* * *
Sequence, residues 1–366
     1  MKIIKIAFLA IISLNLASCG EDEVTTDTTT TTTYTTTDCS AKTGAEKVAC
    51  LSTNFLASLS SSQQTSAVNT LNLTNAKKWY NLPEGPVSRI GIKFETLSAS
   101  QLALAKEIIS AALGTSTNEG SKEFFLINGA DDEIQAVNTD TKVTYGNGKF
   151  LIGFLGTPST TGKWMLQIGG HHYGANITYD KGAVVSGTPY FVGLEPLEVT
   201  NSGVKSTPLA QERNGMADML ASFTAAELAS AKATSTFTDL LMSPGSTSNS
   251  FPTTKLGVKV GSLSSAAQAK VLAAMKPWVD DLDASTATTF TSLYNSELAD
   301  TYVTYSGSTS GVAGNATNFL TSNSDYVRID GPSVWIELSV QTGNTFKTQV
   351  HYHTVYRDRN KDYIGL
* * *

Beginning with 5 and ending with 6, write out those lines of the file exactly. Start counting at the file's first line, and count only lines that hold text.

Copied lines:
   151  LIGFLGTPST TGKWMLQIGG HHYGANITYD KGAVVSGTPY FVGLEPLEVT
   201  NSGVKSTPLA QERNGMADML ASFTAAELAS AKATSTFTDL LMSPGSTSNS